Berkeley Lab Staff to Share Expertise, Experiences at 2012 International Supercomputing Conference
June 14, 2012
Next week, an estimated 2,500 HPC experts from around the world will convene in Hamburg, Germany for the 2102 International Supercomputing Conference (ISC'12). Among the presenters will be six Berkeley Lab researchers. Now in its 27th year, ISC is the world's oldest and one of the most important conferences for the HPC community, offering a five-day technical program with a wide range of expert speakers and exhibits from leading research centers and vendors.
Here's a look at the Berkeley Lab participation:
Shane Canon of NERSC's Technology Integration Group will give a talk on "Experiments Using Magellan project, a Science Cloud Testbed" on Thursday, June 21.
On Sunday, June 17, Hank Childs co-presentes a half-day tutorial on "Large Scale Data Visualization with VisIt ." A member of the Visualization Group, Childs is the chief architect of VisIt.
Peter Nugent, co-leader of CRD's Computational Cosmology Center will discuss "Supernovae & Cosmology Using HPC" on Tuesday, June 19.
John Shalf, head of CRD's Computer and Data Sciences Department, will give a talk on "Evolution of Programming Models in Response to Emerging Hardware Constraints" on Monday, June 18. Shalf will also participate in a panel discussion looking at "Programming Models in the Years to Come" on Thursday, June 21.
Berkeley Lab Deputy Director Horst Simon will chair a special session called "Exascale Chat" on Tuesday June 19. Simon, one of the editors of the TOP500 list, will also participate in the presentation of awards reflecting the 39th TOP500 list during the opening session of the conference on Monday, June 18.
Also during the June 18 opening session, Erich Strohmaier will present highlights from the latest edition of the TOP500 list, which Strohmaier co-founded in 1993. Strohmaier will also give a talk on "Performance Analysis & Prediction for Distributed Homogeneous Clusters" on Monday, June 18. He is also the co-organizer of a June 19 Birds-of-a-Feather session on "Improving Power Measurement Methodology for Driving Energy Efficiency."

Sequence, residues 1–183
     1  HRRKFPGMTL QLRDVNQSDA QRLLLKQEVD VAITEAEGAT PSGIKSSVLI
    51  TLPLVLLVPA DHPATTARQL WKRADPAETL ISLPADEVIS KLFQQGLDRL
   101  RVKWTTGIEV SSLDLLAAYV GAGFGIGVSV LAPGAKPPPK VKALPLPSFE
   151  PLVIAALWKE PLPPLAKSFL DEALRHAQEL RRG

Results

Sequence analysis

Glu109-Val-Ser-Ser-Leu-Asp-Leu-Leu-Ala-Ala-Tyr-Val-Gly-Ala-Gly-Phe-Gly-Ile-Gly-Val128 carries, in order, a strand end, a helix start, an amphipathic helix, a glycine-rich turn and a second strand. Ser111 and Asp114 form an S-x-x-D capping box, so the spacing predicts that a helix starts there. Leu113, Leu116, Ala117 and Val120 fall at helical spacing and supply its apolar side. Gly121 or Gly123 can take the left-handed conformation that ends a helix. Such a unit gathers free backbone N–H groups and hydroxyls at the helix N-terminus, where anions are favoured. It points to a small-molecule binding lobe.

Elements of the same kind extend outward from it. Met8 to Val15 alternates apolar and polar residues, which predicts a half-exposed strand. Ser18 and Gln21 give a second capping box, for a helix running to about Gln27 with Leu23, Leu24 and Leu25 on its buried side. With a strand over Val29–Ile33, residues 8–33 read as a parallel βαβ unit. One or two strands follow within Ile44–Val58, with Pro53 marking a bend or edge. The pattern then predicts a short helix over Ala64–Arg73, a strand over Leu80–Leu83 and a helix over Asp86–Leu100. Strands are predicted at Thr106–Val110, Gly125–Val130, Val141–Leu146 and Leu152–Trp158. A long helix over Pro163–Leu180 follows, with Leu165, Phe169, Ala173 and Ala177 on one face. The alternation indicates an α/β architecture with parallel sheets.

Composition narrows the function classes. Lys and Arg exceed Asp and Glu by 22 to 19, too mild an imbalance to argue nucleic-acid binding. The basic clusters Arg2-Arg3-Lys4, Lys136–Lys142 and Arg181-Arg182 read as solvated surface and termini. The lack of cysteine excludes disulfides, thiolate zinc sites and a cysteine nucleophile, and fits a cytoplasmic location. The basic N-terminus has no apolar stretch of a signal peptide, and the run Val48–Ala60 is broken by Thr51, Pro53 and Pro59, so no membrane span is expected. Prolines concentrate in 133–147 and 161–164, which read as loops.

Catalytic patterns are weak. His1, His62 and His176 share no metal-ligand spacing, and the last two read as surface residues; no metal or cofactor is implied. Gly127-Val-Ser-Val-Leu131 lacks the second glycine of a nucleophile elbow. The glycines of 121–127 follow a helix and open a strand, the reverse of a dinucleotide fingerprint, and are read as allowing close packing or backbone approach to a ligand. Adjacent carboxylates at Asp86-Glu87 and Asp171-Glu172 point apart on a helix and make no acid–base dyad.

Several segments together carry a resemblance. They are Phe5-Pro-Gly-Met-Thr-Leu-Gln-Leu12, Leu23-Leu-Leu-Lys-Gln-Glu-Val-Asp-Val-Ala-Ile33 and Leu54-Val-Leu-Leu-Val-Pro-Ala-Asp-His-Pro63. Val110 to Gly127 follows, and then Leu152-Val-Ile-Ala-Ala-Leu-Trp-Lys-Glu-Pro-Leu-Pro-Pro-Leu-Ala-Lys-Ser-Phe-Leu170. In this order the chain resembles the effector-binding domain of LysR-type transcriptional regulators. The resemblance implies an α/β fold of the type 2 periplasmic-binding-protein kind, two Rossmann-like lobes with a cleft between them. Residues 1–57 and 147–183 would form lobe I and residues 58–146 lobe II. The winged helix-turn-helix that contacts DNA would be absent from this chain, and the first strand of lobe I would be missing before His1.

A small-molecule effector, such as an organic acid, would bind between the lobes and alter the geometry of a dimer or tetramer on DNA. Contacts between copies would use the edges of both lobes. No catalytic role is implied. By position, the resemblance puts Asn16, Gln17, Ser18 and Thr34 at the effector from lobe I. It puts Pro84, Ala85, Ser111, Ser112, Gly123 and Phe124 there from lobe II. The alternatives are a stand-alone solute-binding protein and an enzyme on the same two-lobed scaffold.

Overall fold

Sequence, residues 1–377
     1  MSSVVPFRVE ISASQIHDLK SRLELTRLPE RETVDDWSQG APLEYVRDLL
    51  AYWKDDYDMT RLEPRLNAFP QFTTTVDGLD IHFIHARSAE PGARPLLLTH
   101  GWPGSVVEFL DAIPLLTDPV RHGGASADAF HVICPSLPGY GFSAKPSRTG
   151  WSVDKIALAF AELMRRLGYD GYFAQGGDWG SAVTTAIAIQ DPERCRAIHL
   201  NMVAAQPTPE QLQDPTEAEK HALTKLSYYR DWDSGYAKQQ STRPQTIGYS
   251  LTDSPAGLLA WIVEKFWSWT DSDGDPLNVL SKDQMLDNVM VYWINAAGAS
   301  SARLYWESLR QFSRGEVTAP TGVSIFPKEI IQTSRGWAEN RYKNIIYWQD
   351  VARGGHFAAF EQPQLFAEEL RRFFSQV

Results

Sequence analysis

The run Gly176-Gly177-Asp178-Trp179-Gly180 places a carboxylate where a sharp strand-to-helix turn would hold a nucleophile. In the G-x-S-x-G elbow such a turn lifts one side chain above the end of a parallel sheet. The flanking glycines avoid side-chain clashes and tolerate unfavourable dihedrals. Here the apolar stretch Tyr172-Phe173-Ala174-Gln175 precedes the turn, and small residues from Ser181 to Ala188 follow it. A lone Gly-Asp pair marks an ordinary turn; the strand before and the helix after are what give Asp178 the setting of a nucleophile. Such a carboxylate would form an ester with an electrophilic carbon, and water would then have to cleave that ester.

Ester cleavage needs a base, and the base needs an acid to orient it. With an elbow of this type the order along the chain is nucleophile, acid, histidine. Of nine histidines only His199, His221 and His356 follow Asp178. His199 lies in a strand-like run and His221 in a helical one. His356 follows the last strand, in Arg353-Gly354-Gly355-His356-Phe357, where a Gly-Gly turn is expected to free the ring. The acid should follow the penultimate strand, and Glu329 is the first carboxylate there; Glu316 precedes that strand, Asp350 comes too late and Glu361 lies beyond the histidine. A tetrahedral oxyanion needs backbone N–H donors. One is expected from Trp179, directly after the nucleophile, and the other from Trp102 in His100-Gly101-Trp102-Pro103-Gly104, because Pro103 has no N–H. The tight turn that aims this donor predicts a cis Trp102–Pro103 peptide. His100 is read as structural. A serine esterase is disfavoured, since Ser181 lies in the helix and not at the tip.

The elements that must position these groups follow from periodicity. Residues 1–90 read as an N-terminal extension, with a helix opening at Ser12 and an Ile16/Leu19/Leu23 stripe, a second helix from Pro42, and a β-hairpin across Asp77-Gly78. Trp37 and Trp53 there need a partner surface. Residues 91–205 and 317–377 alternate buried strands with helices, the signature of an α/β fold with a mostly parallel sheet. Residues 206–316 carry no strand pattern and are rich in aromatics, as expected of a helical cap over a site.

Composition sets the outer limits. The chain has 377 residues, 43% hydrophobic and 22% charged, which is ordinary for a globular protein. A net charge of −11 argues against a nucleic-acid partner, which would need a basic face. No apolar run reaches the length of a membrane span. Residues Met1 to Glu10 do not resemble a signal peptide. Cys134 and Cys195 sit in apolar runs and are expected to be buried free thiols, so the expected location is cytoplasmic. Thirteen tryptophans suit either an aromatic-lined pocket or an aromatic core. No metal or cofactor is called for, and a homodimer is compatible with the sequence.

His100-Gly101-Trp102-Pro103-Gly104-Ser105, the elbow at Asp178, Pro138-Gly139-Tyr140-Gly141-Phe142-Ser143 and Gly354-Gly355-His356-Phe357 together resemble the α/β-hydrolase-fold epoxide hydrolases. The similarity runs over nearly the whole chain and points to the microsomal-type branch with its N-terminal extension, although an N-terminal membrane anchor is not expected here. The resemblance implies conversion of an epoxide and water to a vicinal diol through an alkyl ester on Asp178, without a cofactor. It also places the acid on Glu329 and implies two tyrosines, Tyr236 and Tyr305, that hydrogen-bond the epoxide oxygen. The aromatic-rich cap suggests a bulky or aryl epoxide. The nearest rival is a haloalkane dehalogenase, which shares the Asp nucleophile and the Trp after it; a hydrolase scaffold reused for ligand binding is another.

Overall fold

About Computing Sciences at Berkeley Lab
High performance computing plays a critical role in scientific discovery, and researchers increasingly rely on advances in computer science, mathematics, computational science, data science, and large-scale computing and networking to increase our understanding of ourselves, our planet, and our universe. Berkeley Lab’s Computing Sciences Area researches, develops, and deploys new foundations, tools, and technologies to meet these needs and to advance research across a broad range of scientific disciplines.
Founded in 1931 on the belief that the biggest scientific challenges are best addressed by teams, Lawrence Berkeley National Laboratory and its scientists have been recognized with 13 Nobel Prizes. Today, Berkeley Lab researchers develop sustainable energy and environmental solutions, create useful new materials, advance the frontiers of computing, and probe the mysteries of life, matter, and the universe. Scientists from around the world rely on the Lab’s facilities for their own discovery science. Berkeley Lab is a multiprogram national laboratory, managed by the University of California for the U.S. Department of Energy’s Office of Science.
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